Stationary bike: I was riding stationary bike at 6 weeks, once my brace was taken off. This particular phase of my recovery really annoys me, I just feel like I'm going nowhere. Riding an actual bike still makes me nervous because that is how my friend Bianca tore her ACL in the first place. 

Jogging: I'm still not at the stage where I'm allowed to jog...not that I did it all that much before. I always wanted to exercise, but it just didn't work out. I almost wish I was a pig (the animal, I'm debatably a bit piggish in a descriptive way now), so that when I say “I can’t run, I have a problem with my hamstring”, it's a funny (?) pun.

Carrying hot coffee to your room: Do not try this when on crutches, or even in the early stages of walking when you're limping like a zombie with one leg broken and dragging behind it. Just trust me.

House chores: You'll never be able to do them again, so make sure you train up your house mates... I'm actually a bit of a neat freak though, and love cleaning my room. I had a minor private hissy fit while cleaning just yesterday as a result of how much the vacuum sucked, or... how much it didn't suck. Luckily somebody unblocked it and I can go about my obsessive room perfection as usual.

Me on my 6 week spirit raising trip. 
Drinking: You obviously shouldn't mix strong painkillers with alcohol, which means you can't drink alcohol in the period right after your surgery. The real challenge is after 6 weeks when your knee is beginning to feel stronger again, because the graft itself is actually losing strength while it establishes a blood supply, and you are starting to get thirsty.  This means that if you're sensible you have to avoid the “pint of no return”, where you stop caring about your knee. I understand that you're spirits may get a bit down sometimes, and by that I mean vodka, tequila and rum, but pull through! Having said that... I took a trip to celebrate getting my brace off at 6 weeks and let’s just say it helped raise my spirits.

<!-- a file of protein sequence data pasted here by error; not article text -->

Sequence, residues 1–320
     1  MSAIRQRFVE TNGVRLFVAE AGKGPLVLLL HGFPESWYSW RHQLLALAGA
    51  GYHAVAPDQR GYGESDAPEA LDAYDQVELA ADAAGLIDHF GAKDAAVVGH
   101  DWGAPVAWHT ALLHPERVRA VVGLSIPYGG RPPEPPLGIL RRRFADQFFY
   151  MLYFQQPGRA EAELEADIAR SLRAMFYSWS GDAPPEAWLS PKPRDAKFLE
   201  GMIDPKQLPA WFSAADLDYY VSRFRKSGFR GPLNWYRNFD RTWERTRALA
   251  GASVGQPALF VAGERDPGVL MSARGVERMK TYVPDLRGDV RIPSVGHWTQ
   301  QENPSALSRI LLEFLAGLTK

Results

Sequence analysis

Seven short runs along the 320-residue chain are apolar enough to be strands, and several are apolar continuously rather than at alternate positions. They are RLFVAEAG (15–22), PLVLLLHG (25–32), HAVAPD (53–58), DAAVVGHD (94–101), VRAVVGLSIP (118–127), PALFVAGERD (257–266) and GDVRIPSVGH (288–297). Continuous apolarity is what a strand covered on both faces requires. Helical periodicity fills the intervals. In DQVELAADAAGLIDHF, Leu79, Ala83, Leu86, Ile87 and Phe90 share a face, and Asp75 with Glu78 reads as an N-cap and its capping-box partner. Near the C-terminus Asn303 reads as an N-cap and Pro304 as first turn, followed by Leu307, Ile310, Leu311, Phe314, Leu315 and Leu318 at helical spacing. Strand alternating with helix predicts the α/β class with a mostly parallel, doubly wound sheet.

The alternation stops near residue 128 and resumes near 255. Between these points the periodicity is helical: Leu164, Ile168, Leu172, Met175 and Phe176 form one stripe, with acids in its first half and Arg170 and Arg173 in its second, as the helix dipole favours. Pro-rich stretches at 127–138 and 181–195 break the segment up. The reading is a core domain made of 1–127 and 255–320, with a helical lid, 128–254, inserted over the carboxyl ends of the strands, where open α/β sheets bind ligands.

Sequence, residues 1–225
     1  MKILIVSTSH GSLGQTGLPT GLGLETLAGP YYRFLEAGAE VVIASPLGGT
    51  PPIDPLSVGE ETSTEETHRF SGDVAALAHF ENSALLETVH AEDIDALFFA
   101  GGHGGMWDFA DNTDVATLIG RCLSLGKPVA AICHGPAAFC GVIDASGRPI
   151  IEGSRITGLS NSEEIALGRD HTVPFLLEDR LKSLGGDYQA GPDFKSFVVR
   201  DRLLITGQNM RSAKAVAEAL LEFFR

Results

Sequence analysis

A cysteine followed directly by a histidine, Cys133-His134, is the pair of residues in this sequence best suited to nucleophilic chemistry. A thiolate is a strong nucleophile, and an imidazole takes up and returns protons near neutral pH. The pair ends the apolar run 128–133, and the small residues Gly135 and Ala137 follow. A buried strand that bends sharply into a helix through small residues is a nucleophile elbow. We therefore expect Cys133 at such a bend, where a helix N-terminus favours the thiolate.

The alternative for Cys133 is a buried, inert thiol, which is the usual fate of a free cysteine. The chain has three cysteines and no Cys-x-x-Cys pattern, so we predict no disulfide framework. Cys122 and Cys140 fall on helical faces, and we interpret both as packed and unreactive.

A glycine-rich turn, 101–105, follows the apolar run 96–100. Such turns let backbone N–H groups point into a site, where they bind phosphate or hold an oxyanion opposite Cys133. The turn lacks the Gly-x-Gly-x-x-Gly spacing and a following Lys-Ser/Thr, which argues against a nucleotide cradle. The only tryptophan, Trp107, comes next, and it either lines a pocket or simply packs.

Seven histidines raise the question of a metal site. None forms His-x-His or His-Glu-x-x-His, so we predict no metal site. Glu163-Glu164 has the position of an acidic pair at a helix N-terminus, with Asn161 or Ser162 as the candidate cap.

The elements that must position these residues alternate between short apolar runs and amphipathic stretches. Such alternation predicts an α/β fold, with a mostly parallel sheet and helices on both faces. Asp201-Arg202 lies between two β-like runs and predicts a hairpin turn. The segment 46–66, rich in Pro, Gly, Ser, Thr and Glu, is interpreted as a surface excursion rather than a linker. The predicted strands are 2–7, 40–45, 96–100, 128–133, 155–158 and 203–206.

P.S Bianca just walked into my room and glanced at the draft of this post and said “that looks a bit serious, not funny at all!” So I thought I'd include something I know she finds quite funny: 

My physio diagram for squats. Nobody has walked into
my room without laughing at it. 

5 comments:

  1. Replies
    1. I know! I fail to understand why the second outline of a man is needed behind the first!

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  2. Nice description of your progress and funny LOL

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  3. Did you also get your meniscus repaired? Could you really walk by the 3rd week? because my doctor is forcing me to be on crutches and brace for 6 weeks..

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  4. Yeah, I could walk by the 3rd week, but I started off looking fairly ridiculous when I tried. I wore my knee brace for 6 weeks (this is to keep the leg extended), but I was allowed to "bear weight as tolerated" very soon after the surgery and I got rid of my crutches as soon as I could. As a matter of fact the morning after my surgery the nurse got me to try and walk to the toilet (I failed, but was thankful I didn't have to use the little potty again....)